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NVIDIA says trying to design a GPU for the console wasn't worth the cost

Advanced Micro Devices, Inc. (AMD) has quietly dominated the market for commodity graphics chips and CPUs for console gaming systems, and the latest generation of consoles look to be no exception.  Sony Corp.'s (TYO:6758PS4, to launch this holiday season, will feature an AMD GPU and CPU.  And there's an AMD 550 MHz Radeon "Latte" GPU aboard Nintendo Comp., Ltd.'s (TYO:7974popular Wii U.

So how does NVIDIA Corp. (NVDA), AMD's chief rival in the PC graphics market feel about AMD's dominance of the increasingly PC-like consoles?  Not too bad, apparently.

NVIDIA's Senior Vice President of content and tecnology told Gamespot in a recent interview that his company is essentially letting AMD win.  While he's convinced his firm could be AMD if it tried, he says it just isn't worth it, remarking:

I'm sure there was a negotiation that went on and we came to the conclusion that we didn't want to do the business at the price those guys were willing to pay. Having been through the original Xbox and PS3, we understand the economics of the development and the trade-offs.

If we say, did a console, what other piece of our business would we put on hold to chase after that? In the end, you only have so many engineers and so much capability, and if you're going to go off and do chips for Sony or Microsoft, then that's probably a chip that you're not doing for some other portion of your business.

That statement seems a bit odd -- after all, hegemony of consoles could be a ticket for a financially struggling AMD to effectively sell tens, if not hundreds of millions of chips.

The Wii U packs an AMD GPU (blue: memory; red: stream processors; yellow: texture units).
[Image Source: Chipworks]

But NVIDIA's focus is more directed on the mobile market, where it's looking to leverage pared down versions of its GeForce GPUs beside ARM CPU cores.  NVIDIA has its work cut out for it in that market; it largely lost the last round to Qualcomm, Inc. (QCOM) due to its chips being too power-hungry.  

NVIDIA is focused on its mobile processor war with Qualcomm.

NVIDIA is looking to change later this year with the refresh of Tegra 4 that will include an on-die LTE modem.  Between Tegra and the development of traditional PC GPUs, NVIDIA sounds content to let AMD freely dominate the console market -- or so it says.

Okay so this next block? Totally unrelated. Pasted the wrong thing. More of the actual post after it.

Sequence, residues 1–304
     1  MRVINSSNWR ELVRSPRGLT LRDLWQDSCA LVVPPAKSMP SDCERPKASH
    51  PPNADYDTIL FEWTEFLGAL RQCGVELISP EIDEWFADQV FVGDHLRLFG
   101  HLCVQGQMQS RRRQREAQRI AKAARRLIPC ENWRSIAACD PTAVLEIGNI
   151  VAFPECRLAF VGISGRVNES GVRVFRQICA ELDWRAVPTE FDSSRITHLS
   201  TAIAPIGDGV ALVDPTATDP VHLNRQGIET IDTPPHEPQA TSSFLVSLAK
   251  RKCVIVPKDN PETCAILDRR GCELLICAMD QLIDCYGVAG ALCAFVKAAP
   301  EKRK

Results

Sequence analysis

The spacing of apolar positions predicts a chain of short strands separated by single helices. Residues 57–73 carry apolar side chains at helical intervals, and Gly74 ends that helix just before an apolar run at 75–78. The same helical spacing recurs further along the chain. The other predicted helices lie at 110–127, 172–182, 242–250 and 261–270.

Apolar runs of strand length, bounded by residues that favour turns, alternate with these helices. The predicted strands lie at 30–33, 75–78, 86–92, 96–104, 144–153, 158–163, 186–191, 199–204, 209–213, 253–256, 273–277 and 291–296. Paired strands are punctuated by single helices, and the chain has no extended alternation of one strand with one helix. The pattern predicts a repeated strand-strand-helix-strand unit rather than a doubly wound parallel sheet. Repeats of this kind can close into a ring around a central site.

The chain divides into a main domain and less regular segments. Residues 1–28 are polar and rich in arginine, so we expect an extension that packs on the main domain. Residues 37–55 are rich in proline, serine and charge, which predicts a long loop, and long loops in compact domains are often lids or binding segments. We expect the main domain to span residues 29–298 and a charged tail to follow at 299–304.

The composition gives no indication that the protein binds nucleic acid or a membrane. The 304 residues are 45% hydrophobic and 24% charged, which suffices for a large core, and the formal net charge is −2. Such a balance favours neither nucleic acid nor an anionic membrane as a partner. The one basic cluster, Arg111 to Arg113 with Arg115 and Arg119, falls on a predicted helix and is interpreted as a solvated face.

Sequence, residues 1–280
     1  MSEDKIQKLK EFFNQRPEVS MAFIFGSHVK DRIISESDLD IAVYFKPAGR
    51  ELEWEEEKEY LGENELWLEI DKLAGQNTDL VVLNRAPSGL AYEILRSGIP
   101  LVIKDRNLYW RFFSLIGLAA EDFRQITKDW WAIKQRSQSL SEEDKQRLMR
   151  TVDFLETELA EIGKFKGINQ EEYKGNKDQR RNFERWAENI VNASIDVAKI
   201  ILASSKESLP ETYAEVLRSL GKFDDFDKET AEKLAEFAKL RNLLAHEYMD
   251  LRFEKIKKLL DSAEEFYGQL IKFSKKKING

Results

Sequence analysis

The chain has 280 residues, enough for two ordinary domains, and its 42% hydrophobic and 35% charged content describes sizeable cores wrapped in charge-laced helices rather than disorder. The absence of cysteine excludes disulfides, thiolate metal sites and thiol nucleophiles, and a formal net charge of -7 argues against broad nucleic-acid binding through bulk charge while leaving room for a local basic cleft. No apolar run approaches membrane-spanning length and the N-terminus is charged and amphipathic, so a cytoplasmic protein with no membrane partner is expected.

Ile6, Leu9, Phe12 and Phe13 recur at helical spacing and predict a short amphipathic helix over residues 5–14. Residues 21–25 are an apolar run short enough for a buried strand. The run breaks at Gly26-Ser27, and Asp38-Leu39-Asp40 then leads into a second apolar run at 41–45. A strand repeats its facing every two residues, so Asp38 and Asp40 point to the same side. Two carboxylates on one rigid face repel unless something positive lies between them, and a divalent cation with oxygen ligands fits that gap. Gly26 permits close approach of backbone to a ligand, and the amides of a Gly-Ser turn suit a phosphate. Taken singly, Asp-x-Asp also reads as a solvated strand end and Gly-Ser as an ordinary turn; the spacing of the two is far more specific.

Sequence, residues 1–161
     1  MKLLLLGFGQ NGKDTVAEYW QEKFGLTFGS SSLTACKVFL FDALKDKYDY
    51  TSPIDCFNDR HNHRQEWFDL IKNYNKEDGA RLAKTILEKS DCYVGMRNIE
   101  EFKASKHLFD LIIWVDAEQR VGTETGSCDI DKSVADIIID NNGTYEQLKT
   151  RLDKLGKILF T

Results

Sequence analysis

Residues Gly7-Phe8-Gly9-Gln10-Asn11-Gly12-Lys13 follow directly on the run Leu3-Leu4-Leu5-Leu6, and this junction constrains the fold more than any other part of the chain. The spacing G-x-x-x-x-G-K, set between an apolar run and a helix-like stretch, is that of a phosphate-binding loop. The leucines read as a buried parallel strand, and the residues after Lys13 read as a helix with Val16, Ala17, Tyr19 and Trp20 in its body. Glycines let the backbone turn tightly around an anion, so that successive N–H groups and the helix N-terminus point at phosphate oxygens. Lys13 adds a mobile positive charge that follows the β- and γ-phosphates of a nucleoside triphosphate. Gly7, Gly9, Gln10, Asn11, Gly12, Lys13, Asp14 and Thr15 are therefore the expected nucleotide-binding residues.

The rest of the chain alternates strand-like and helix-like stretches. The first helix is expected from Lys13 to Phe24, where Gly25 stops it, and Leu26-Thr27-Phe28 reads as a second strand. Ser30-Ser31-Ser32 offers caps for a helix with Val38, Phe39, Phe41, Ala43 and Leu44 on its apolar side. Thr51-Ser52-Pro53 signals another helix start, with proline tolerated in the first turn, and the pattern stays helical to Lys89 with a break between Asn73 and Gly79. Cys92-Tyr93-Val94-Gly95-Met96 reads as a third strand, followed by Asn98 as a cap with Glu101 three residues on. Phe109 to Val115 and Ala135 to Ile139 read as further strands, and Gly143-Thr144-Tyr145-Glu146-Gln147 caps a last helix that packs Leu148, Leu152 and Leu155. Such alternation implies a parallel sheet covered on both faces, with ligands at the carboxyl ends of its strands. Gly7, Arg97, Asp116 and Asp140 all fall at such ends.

Source: GameSpot

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RE: Nvidia didn't have a chance...
By GulWestfale on 3/15/2013 6:39:40 PM , Rating: 4
i think no matter how you see this from a fanboy/financial/engineering perspective, teh truth is this: AMD scored several console design wins, and nvidia scored none.

i'm not a fan of either company (i've owned products from both, and they're both great), but as someone else pointed out, if you want an x86 CPU with on-deie graphics (and why wouldn't you, on-die stuff simplifies mobo design and reduces costs) then AMD was simply the only game in town.

overall i think this a good thing for AMD, as they now have a virtually guaranteed source of income over the next 5+ years. in addition, they will perhaps get some name recognition among a younger generation of gamers, who won't look at AMD-powered PCs as second-rate ones when compared to intel. good job, AMD!

By michael67 on 3/16/2013 8:51:06 PM , Rating: 5
Most of them also forget that the chip that AMD designed for the PS4, will also be converted in to a desktop chip, minus some of the stuff Sony owned/needed for the console.

nVidia could even if they wanted it, never make a APU like that.

So yeah they "let" AMD have the design win, as they could not compete whit AMD, as nVidia had to work whit eider AMD for the CPU parts, like that was gone happen, or Intel, and share a lot of IP with Intel and would just cost more to design, or with IBM, but Cell was something Sony did not want any more.

So AMD won by default, not because nVidia let them win.

RE: Nvidia didn't have a chance...
By CeriseCogburn on 3/18/13, Rating: -1
By michael67 on 3/18/2013 1:23:11 PM , Rating: 3
How ???

AMD gets payed to design these chips.

AMD gets payed royalties for every chip thats get made.

AMD is gone use part of the development of these ships also for the desktop.

How is AMD gone loos money on this deal???

"If you look at the last five years, if you look at what major innovations have occurred in computing technology, every single one of them came from AMD. Not a single innovation came from Intel." -- AMD CEO Hector Ruiz in 2007

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